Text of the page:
Gas Laws
Matter is found in three physics states –
Solid: A solid is a substance whose shape and volume are fixed.
In the solid state of matter, the molecules of matter are very close to each other, that is, they have very little intermolecular space. Due to less intermolecular space, intermolecular attraction is very high in them and their freedom to move is very less.
In this way, their potential energy is very high and kinetic energy is very less and they keep on vibrating both in their mean position and in limited space. Due to this the size and volume of the solid remain fixed.
Liquid: A liquid is a substance whose volume remains fixed but the shape becomes like that of the vessel in which it is kept. The intermolecular space between the molecules of a liquid is greater than that of a solid. Due to this, the intermolecular attraction between the molecules of the liquid is less and the freedom of movement of the molecules of the liquid is more.

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Thus the molecules of a liquid have less potential energy and more kinetic energy. Due to the high kinetic energy of liquid molecules, they keep on colliding with each other while moving randomly and they do not have any definite shape.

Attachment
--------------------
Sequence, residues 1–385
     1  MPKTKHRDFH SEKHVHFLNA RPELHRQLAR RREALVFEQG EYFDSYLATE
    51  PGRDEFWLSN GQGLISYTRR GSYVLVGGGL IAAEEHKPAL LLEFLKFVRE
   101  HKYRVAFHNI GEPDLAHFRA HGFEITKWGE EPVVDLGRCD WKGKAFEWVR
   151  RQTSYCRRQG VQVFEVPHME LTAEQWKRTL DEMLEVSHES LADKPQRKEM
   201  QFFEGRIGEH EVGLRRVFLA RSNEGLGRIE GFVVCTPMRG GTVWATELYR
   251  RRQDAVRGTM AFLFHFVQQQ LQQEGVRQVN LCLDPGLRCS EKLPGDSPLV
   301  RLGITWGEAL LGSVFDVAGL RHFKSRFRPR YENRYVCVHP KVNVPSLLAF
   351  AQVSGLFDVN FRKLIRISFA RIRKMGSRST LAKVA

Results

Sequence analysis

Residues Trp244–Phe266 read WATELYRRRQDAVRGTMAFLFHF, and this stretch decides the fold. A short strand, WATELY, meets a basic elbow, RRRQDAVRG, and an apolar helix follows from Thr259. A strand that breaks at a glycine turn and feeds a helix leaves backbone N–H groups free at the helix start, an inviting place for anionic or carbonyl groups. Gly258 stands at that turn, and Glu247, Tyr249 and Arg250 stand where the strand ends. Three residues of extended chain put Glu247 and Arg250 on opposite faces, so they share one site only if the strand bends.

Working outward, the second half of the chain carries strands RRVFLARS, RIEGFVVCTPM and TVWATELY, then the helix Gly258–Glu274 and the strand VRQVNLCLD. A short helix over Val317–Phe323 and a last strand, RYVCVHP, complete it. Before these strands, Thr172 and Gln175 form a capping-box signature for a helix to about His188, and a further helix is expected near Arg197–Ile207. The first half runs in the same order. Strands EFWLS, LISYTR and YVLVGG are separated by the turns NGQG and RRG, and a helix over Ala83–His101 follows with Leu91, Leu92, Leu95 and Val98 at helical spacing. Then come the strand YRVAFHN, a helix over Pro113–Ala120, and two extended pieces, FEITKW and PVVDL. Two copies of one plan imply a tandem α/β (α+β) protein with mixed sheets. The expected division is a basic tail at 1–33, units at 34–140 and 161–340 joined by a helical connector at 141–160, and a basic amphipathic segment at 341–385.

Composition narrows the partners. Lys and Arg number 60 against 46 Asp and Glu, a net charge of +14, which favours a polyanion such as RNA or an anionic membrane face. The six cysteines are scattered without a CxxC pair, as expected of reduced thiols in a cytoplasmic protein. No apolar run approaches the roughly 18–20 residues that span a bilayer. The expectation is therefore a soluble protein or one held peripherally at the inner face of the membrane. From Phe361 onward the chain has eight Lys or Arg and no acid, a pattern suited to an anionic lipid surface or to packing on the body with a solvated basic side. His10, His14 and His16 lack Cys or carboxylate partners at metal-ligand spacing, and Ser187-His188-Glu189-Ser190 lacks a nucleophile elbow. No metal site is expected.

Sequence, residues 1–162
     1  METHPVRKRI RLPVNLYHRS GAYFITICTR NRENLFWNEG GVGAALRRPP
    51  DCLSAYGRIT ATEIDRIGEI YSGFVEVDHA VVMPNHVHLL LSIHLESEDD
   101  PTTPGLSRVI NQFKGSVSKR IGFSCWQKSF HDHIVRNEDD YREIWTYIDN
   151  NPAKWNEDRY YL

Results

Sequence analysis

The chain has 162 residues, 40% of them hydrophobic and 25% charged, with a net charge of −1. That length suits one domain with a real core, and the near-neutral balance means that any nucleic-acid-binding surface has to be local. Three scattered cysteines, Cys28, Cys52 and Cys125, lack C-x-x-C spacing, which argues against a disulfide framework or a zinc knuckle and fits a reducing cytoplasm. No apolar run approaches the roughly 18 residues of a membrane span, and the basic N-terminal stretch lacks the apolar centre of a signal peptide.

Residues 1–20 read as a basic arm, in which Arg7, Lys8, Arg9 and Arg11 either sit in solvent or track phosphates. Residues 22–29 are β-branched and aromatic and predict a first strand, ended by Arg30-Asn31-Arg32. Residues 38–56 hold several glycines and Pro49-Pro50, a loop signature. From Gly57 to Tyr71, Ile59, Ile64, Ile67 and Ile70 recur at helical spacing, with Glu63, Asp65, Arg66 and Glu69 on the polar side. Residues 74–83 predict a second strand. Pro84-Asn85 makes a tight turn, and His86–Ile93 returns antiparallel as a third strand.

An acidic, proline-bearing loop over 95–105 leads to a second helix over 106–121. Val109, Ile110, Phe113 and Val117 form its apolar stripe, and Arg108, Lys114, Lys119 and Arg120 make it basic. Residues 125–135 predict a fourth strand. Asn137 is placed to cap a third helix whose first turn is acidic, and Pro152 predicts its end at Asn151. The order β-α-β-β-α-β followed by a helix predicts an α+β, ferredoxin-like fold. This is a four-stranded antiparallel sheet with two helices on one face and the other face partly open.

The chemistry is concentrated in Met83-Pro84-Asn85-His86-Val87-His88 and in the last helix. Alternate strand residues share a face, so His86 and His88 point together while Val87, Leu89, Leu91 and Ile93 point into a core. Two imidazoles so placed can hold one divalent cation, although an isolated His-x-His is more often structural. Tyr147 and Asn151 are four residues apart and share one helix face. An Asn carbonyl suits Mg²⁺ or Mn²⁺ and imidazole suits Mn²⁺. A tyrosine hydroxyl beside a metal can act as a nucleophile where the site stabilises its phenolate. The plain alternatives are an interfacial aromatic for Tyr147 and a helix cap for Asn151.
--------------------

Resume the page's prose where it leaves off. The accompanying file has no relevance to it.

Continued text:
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Because of this, the vessel in which the liquid is kept, therefore the liquid has the property of flowing and it does not have any definite shape. Due to this, the liquid assumes the shape of the vessel in which it is kept.
The kinetic energy of the liquid molecules is not more than the potential energy produced by their earth’s gravity and due to intermolecular attraction, so they cannot leave their plane and the volume of the liquid remains fixed.
Gas: A gas is a substance whose volume and shape are not fixed, but the volume and shape of the vessel in which it is kept becomes similar. The intermolecular space between gas molecules is much larger than that of solid and liquid.
Due to the large space between the gas molecules, the intermolecular attraction between them is very less and the freedom of movement of their molecules is very high. In this way, the potential energy of the gas molecules is very low and the kinetic energy is very high and they remain almost completely free.

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Due to the high kinetic energy, the gas molecules collide with each other and with the walls of the vessel and move at an irregular speed in all directions. Because of this, gases also have the property of flowing like liquids and their shape is not fixed. The kinetic energy of gas molecules is so high that they can leave their plane. Therefore, the volume of gases is also uncertain.
Due to the high kinetic energy, the gas molecules
collide with each other and with the walls of the vessel and move at an
irregular speed in all directions. Because of this, gases also have the
property of flowing like liquids and their shape is not fixed. The kinetic
energy of gas molecules is so high that they can leave their plane. Therefore,